It's always amazing to me the way that modelers will jump into the fray when it comes to after-market add-ons. A passionate builder makes a much-needed part for his own build, then goes into business selling the part(s) to others. It's a bit mad (why would you want to make your avocation your vocation?), but that's sorta the story behind Sierra Hotel
, a newish resin manufacturer fixing, improving or simply converting planes in 1/72nd, quarter and 32-scale.
I have been on a tear lately with the F-4 Phantom II, and ended up purchasing three of the four major Tamiya kits in 1/32nd scale on eBay at an attractive price. I built the Navy F-4J version
as a USMC "mud mover," and am holding on to the Marines kit for an F-4B Navy conversion with a set from GT Resin.
Currently I'm building the F-4E USAF version, but in service to the Israeli Air Force (IDF/AF). Why do things the easy way?
The Tamiya kits are generally good, but a little long-of-the-tooth, and need some work if they're going to be brought up to today's modeling standards. One conspicuous problem area is the intakes: the "suckers" on the Phantom II are seamless, whereas the Tamiya kit ones are not. One solution is to use intake covers so no one can see the insides, but otherwise most builders seem to go for AM seamless resin intakes.
what you get
The Sierra Hotel set includes two white resin intake sub-assemblies, along with two "splitter" plates (technically the "forward ramp") and two turbofan screens that go at the end of the intakes.
also includes a step-by-step guide for cutting the kit fuselage so it will accept the intakes.
These intakes are definitely not for the beginner modeler, as you will need to cut away an extensive section of the front fuselage on both sides (Sierra Hotel provides a detailed diagram for the surgery). If the fuselage is cut properly, the intakes slip right in with a minimum of puttying. The "splitter plates" then attach beneath the lip of the intakes. These are more-detailed than the kit parts and make the SH intakes stand out from the competition. The detailing on the intake vents on the splitter plates blows away the kit parts.
The casting is outstanding and so the fit is unproblematic. Nothing is more annoying than having to fill in extensive gaps or otherwise make a resin part fit properly. SH has done the prep work to make their intakes integral parts of your build, including an alignment lug to aid placement.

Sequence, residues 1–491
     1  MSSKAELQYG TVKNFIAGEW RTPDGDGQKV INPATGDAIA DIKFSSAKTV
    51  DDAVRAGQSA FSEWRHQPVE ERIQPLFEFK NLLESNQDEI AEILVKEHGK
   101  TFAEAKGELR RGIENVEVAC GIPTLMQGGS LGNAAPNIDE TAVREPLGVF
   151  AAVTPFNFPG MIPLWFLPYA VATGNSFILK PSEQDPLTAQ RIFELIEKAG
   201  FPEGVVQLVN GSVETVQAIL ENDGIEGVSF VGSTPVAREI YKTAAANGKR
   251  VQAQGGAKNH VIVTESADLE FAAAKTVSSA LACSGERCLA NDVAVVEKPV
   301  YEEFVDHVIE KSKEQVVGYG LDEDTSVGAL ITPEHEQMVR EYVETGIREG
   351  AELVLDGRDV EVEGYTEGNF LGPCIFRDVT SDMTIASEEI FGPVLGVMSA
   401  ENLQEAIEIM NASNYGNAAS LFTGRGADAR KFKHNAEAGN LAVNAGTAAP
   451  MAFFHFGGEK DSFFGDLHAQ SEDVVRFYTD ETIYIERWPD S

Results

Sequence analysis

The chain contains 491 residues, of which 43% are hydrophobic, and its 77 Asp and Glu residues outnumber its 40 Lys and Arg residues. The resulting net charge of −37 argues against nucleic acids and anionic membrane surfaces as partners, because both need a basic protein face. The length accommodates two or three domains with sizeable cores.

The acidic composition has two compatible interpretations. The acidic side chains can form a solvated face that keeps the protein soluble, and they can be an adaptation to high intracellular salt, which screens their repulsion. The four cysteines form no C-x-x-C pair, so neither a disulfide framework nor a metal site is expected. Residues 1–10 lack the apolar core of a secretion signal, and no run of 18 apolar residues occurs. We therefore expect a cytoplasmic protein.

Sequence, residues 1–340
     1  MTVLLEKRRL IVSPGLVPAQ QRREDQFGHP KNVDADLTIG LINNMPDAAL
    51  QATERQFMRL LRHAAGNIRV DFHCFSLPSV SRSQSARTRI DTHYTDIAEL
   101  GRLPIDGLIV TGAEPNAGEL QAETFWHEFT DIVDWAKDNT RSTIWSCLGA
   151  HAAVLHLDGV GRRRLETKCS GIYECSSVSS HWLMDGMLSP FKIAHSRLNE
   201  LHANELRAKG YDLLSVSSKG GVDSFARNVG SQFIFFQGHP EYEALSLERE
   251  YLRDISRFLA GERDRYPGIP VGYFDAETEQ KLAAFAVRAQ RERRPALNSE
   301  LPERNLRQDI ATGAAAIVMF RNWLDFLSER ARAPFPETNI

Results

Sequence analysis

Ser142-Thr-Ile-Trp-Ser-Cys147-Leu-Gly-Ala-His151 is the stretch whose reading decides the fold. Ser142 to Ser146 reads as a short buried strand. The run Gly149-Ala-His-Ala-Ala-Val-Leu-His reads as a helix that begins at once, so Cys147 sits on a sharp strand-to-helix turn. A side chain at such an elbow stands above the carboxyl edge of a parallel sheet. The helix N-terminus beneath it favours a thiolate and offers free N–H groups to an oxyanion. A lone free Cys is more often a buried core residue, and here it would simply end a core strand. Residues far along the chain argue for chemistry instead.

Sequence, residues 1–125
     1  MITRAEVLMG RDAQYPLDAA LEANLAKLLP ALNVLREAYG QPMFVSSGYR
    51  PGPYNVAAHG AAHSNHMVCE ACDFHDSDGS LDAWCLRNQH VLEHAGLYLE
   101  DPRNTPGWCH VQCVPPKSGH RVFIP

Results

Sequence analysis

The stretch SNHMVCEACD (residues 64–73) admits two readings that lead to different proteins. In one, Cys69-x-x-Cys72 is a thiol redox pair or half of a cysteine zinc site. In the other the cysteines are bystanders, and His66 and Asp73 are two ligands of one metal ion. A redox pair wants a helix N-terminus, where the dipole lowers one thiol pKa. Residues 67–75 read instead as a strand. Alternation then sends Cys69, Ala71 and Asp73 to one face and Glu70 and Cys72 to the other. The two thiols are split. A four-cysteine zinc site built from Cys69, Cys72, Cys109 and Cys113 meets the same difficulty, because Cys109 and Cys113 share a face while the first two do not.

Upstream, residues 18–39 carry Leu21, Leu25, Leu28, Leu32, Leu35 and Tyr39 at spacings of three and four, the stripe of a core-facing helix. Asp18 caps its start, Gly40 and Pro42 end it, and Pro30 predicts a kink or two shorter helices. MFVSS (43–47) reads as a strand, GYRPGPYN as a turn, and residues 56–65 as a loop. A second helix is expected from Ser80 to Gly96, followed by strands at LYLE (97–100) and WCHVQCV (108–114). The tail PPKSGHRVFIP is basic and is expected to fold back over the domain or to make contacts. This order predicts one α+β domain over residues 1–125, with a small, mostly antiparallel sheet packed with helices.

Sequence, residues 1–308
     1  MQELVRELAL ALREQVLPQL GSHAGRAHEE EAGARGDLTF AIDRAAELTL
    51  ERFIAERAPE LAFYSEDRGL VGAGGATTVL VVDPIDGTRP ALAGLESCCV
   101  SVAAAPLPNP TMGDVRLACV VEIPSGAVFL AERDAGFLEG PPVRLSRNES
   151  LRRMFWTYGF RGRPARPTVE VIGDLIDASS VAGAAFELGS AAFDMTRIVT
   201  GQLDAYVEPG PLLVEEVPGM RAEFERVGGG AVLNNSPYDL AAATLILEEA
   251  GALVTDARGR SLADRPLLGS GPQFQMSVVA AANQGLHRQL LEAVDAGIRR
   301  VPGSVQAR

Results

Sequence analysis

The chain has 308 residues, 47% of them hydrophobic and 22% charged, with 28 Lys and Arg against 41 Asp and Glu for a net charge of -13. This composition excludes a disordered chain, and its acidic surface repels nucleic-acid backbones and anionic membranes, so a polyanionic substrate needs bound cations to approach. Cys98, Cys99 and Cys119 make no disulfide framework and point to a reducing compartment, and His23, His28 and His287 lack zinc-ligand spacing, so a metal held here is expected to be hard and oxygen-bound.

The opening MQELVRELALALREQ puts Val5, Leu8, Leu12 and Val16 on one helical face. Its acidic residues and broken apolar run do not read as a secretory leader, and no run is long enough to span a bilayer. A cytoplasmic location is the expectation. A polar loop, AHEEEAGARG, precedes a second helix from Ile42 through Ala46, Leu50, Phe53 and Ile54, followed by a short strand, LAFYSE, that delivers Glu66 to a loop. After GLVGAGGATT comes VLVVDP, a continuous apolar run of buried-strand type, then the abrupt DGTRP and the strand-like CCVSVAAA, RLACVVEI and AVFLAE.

And unlike other seamless intakes I have used, the panel lines are correct, along with a corrected diameter CSD dome for the Air Force J-79 engine. And according to SH, "the inner forward wall with aft ramp is blended to the intake, providing correct bypass vent details and inner aft ramp surface corrected, or smooth."
Additionally, the set includes paper templates that can be used to size decal film in cases where color matching is required for planes with painted intakes.
The detailing is quite impressive: I have seen other intakes that ignore a key panel just behind the leading edge of the intake, so clearly Sierra Hotel
has done its homework. The white resin means you don't need a heavy primer coat when painting, especially since a majority of intakes were white or off-white. As pointed out, the splitter plates have more detail than the kit parts and are much thinner, so no sanding is required like with the styrene version.
The interior jet fans and covers are also well-cast, and complete the overall look. The only thing else you would need would be a pair of Sierra Hotel
's burner cans
. Again, these are a cut above the competition because they're complete: everything from where the thrust exits the engine itself to the cans and afterburner. SH not only insists they are the correct diameter (requiring some thinning of the opening is required). Again, unlike the competition, the set not only includes a rounded relief, but the "swirl cone" it fitted through the inner ring.
After-market upgrades aren't for everyone, and these aren't cheap. But a quick glance by a judge at a modeling event into your intakes will reveal whether they are the proper seamless configuration, or the incorrect kit parts with their obvious seams. And for rivet counters like myself, I wouldn't want to build this kit without giving it all the love I can.